Malcolm Jolley learns a little more about sake from Tomonobu Mitobe.
Mariko Tajiri is a sommelier and the National Brand Manager for That’s Life, a drinks company that business in several provinces that she calls a “boutique sake and wine agency”. She is as charming as she is knowledgeable (very) of sake and wine (see Jamie’s Young Blood Sommelier profile of her here). Mariko sells fancy sake, and as such has her ear to the ground on the Asian restaurant scene in Vancouver and Toronto, so when I get an invitation from her for lunch at a new restaurant with a visiting sake maker, I will do everything in my power to make sure that I can accept. I know that lunch is going to be good, in good company, and I am going to learn a lot.
A confession: in a sense it’s not hard for me to learn a lot about sake at lunch, because I know very little and my learning curve is steep. While a fifteen year career covering the wine trade has given me a fairly solid foundation in the ways of the grape, my understanding of the ways of grain of rice remains very basic. Maybe worse than basic. It’s really just a question of exposure, so even though Mariko has introduced me to a number of great sake brewmasters, like Tomonubo Mitobe, who heads his family’s more than century old brewery in the Yamagata prefecture, north of Tokyo. The knowledge hasn’t stuck and my brain still struggles to process what’s on my palate. This does not, thankfully, keep me from enjoying what’s in my glass… although that might also be an impairment to learning more about sake too.
Mr. Mitobe and two of his artisan crafted sakes were the stars of one of Mariko’s lunches, held in the middle of the crazy holiday season, late last year. We dined and conversed with chef and co-owner Edward Bang at the relatively newly opened Omai. Bang worked his way through Toronto kitchens, including Patria and Canoe, before embarking to New York to work at Eleven Madison Park. On his return to Toronto, Bang and Jason Ching (who was behind the phonemon known as WonderPho) opened Omai in a small store front at the beginning of the Baldwin restaurant strip west of McCaul. The focus of Omai is the bar, where Bang makes innovative and delicious hand rolls and small plates of tasty Japanesy things like a tamago with truffles, or fingerling potatoes with house bacon and cod roe mayo.
As we furiously passed bowls of plates of Mr. Bang’s food, Mr. Mitobe told me a bit about himself, his family’s brewery and the way they do things at it. Mitobe sake is made, to use a wine term, in a relatively non-interventionist way using local using rice, in much the same was way as it it did when it was founded in 1898. One of the greatest improvements Mr. Mitobe thinks he has made in the decade in a half since taking over the family firm is to convince the top growers in the area to sell to him. He took their willingness to sell to him, after 14 years of trying, as a high compliment. He explained, “It’s like how only the best sushi restaurants can get the best fish.” One ingredient in the Mitobe sake line, which has never, nor will ever change, Mitobe also explained was the water, which is famous in Yamagata Prefecture for being particularly hard and full of minerals.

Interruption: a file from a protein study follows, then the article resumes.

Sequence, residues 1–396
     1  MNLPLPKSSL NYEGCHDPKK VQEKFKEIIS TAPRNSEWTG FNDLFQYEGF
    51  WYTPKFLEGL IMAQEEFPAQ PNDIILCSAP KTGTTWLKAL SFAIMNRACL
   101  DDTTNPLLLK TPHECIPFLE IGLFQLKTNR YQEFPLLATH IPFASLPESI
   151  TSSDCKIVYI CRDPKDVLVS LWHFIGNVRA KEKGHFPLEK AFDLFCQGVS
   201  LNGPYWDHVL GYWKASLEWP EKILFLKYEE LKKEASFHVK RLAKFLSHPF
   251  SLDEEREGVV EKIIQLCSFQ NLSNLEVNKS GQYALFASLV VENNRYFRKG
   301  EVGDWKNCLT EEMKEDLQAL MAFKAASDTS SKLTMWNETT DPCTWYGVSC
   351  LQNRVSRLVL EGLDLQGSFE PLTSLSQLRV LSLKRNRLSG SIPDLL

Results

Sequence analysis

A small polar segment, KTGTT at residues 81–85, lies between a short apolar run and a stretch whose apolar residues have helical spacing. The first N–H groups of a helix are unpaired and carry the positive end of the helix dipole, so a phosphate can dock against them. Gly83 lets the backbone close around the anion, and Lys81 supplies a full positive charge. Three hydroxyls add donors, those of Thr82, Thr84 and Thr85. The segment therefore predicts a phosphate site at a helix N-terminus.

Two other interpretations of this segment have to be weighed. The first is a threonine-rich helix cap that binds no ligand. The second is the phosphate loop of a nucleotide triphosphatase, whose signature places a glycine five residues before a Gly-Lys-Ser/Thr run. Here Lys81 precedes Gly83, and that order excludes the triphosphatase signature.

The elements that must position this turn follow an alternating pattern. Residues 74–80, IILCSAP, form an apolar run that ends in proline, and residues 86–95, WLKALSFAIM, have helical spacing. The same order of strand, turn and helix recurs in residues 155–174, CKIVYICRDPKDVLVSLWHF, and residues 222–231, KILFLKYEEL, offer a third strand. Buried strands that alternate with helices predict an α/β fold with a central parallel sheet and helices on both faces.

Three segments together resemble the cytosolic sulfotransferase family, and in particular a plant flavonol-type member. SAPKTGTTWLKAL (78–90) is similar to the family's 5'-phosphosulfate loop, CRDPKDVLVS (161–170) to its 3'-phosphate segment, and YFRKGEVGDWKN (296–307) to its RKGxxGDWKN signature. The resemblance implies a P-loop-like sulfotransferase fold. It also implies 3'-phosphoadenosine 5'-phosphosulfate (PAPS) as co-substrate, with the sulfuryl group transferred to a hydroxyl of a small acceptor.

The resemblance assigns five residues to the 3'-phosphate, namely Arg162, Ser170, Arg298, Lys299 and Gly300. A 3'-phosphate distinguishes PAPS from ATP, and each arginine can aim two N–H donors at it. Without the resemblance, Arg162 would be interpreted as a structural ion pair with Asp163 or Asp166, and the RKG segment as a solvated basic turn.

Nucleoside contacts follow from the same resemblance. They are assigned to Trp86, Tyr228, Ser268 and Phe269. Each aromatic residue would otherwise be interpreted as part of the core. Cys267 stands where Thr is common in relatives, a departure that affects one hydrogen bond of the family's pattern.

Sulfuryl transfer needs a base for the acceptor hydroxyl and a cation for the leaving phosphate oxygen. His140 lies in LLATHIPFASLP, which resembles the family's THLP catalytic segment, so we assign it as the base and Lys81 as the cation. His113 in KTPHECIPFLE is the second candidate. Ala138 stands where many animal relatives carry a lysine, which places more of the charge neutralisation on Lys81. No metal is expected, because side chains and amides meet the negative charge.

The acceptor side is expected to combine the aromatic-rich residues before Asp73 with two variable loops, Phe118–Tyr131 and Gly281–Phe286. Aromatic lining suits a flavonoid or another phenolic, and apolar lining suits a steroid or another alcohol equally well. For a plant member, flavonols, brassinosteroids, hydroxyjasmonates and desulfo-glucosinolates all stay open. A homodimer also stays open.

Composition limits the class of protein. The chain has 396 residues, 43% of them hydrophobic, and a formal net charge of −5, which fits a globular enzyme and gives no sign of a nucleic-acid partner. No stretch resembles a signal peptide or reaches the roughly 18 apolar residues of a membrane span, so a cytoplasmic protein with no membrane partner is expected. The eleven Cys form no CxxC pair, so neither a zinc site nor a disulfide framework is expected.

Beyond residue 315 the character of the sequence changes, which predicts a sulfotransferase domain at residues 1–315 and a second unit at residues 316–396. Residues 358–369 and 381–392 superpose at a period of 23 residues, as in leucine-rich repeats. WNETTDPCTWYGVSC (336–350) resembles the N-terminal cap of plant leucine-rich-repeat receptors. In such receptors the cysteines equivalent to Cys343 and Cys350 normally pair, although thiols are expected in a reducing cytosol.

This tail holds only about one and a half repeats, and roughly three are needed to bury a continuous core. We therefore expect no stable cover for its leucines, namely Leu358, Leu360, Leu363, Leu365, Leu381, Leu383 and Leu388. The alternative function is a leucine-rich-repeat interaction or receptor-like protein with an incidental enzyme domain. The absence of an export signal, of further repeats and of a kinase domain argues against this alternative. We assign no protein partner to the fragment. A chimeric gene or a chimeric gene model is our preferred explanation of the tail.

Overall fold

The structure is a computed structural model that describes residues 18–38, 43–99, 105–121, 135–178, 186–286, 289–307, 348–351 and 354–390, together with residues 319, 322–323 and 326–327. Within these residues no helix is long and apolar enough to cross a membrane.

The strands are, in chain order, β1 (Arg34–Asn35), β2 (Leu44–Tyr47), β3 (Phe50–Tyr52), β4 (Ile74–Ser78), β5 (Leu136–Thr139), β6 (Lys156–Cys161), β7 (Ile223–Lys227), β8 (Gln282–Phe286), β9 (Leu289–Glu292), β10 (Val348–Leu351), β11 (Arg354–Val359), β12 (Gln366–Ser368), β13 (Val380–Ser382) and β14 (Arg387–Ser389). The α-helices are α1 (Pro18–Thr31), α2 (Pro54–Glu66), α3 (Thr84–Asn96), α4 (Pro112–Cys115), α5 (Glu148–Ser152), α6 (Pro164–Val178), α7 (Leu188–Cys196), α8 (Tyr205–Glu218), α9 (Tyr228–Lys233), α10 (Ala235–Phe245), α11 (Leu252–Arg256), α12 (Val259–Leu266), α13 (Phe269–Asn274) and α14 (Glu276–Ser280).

Tomonobu Mitobe introduced two of his family’s brewery’s labels that afternoon. The first was the Mitobe Junmai Ginjo Akaiwa Omachi ($88.92 for a 720ml bottle). Jumai means there is no alcohol added, and this sake, ‘The Sword of Yamagata’ is made with polished down to 50% of the original rice grain to give it a silky smoothness. Sake is not dated by vintage, but by when it was put in the bottle, as brewers may blend from different harvests. The Sword I tasted was from 2012. I am struggling with interpreting what I taste when I taste sake, and feel like there is often a pleasant bitter note to balance some fruitier and creamy notes, the way acidity will do in wine. That’s what happened here, with a very pleasant green melon note with maybe a citrus pith finish. We tasted it first and Chef Bang sent out some of his pickles to go with it, that worked really well.
The second sake we tried was the ‘Junmai Daiginjo Suifuyo Shinku‘ ($119.56 for a 720ml bottle). The sake’s name is translated, Mr. Mitobe told me, to mean ‘drunken lotus’, and refers to a local water flower that goes red in the afternoon, as though it had been drinking. I believe it’s really meant as an allusion to the flushed cheeks of a young woman who has been drinking fine sake. The rice polish on the Red Lotus is down to just 35%, and it makes for a very gentle and elegant drink. Bottled in 2014, the Red Lotus I tried was made with rice from 2013, which produced a particularly good harvest. Mr. Mitobe was jokingly modest about how fine the sake turned out. He chuckled as he said, “Every ten years I think I am a genius, and 2014 was one of those years.” Made with an old fashioned ‘boat press’, the Red Lotus was complex. It began with an aromatic, almost coniferous quality that rounded out into soft fruits and lingered long on the palate. A characteristic of both sakes, that I noted, after trying them with several of Edward Bang’s dishes was their ability to kind float on top of what was being served.
So, maybe I retained a few things I learned after all. (Looking forward to the next lesson.)
Mitobe sake is available through That’s Life at thatslifegourmet.com.